The earliest known human remain discovered in modern-day Wales is an early Neanderthal jawbone, found at the Bontnewydd Palaeolithic site in the valley of the River Elwy in North Wales, whose owner lived about 230,000 years ago in the Lower Palaeolithic period

 There is little evidence of human occupation during the subsequent Ipswichian Stage (Eemian Stage) between around 130,000 and 110,000 years ago. Meltwaters from the previous glaciation cut Britain off from the continent during this period which may explain the lack of activity. There appears to have been a gradual decline in population between the Hoxnian Stage and this time, suggesting that the absence of humans was the result of gradual depopulation

 From 180,000 to 60,000 there is no evidence of human occupation in Britain. From 60,000 to 40,000 Britain was grass land with giant deer and horse, with woolly mammoths, rhino and carnivores. Modern man had arrived in Britain by around 44,000 years ago.

The earliest evidence is part of a jawbone found in a cave near Torquay, dating to around 44,000 years ago.

The Upper Palaeolithic is often divided into three sub periods:

  •  The Early Upper Palaeolithic (before the main glacial period),
  • The Middle Upper Palaeolithic (the main glacial period)
  • The Late Upper Palaeolithic (after the main glacial period)

Evidence of Neanderthal occupation of Britain is limited and by, 30,000 BC, the first signs of modern human activity, the Aurignacian industry, are known. The most famous example from this period is the "Red Lady of Paviland" (actually now known to be a man) in modern day coastal South Wales.

A final ice age covered Britain between around 70,000 and 10,000 years ago, with an extreme cold snap between 22,000 and 13,000 years ago called the Dimlington stadial (with the Last Glacial Maximum at around 20,000 years ago). 

This may well have driven humans south and out of Britain altogether, pushing them back across the land bridge that had resurfaced at the beginning of the glaciation, possibly to a refuge in Southern France and Iberia.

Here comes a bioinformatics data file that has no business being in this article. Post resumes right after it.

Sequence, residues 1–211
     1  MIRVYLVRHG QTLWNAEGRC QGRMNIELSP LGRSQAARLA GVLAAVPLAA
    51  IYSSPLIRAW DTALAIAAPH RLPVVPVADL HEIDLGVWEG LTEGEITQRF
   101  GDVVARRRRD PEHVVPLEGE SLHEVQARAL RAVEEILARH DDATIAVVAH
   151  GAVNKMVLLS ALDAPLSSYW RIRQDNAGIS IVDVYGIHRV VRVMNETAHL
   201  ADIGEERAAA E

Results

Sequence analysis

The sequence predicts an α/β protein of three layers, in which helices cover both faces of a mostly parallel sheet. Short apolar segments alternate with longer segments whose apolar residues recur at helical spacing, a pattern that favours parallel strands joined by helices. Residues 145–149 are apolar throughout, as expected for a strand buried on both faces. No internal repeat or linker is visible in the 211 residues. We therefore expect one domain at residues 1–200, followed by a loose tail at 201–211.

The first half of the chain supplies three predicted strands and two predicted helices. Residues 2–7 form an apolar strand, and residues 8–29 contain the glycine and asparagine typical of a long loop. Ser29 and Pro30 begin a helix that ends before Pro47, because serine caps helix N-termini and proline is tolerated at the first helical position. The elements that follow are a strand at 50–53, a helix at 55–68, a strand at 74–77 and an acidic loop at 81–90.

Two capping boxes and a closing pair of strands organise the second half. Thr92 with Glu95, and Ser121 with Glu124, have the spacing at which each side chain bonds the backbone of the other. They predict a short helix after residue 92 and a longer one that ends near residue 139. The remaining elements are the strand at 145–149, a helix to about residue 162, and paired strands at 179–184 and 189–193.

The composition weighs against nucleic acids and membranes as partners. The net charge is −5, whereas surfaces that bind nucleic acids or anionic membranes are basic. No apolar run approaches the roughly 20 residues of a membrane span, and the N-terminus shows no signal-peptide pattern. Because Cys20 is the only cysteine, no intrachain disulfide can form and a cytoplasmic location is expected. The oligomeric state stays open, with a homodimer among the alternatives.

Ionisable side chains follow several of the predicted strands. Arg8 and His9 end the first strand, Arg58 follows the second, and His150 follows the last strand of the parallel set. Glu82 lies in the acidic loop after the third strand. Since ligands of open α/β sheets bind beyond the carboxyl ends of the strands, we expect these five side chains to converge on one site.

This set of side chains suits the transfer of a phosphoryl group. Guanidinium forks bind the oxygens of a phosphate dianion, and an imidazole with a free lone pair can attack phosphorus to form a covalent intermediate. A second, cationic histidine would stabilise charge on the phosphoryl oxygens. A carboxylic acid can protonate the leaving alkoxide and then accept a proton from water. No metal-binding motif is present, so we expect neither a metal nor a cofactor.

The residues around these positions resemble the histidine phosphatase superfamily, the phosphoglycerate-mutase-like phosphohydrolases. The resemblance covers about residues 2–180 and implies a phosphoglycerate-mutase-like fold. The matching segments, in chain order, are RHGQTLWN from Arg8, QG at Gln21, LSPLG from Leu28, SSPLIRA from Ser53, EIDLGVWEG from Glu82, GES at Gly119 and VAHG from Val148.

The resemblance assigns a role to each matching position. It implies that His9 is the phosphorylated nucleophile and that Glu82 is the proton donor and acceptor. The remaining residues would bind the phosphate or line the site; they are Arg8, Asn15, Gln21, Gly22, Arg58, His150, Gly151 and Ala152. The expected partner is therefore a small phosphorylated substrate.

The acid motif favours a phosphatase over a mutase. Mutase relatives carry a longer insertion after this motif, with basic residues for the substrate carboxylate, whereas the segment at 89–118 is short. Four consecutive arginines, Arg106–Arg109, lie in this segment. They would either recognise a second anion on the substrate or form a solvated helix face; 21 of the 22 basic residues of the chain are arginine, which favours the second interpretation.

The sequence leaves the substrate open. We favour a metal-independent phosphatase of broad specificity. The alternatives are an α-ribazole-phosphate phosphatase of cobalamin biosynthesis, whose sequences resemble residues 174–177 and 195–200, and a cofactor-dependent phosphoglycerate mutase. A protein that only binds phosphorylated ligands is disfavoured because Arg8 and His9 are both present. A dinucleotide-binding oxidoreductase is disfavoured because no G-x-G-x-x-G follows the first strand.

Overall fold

Sites such as Gough's Cave in Somerset dated at 12,000 BC provide evidence suggesting that humans returned to Britain towards the end of this ice age, in a warm period known as the Dimlington interstadial, although further extremes of cold before the final thaw may have caused them to leave again and then return repeatedly.

 The environment during this ice age period would have been a largely treeless tundra, eventually replaced by a gradually warmer climate, perhaps reaching 17 C (62.6 F) in summer, encouraging the expansion of birch trees as well as shrub and grasses.

The first distinct culture of the Upper Palaeolithic in Britain is the Creswellian industry, with leaf-shaped points probably used as arrowheads. It produced more refined flint tools but also made use of bone, antler, shell, amber, animal teeth, and mammoth ivory. These were fashioned into tools but also jewellery and rods of uncertain purpose.

The dominant food species were wild horses and Red Deer, although other mammals ranging from hares to mammoth were also hunted, including rhino and hyena.


Relief Carving of Horse on Antler

Line of Animal Heads Engraved on Rib 

Burial seemed to involve skinning and dismembering a corpse with the bones placed in caves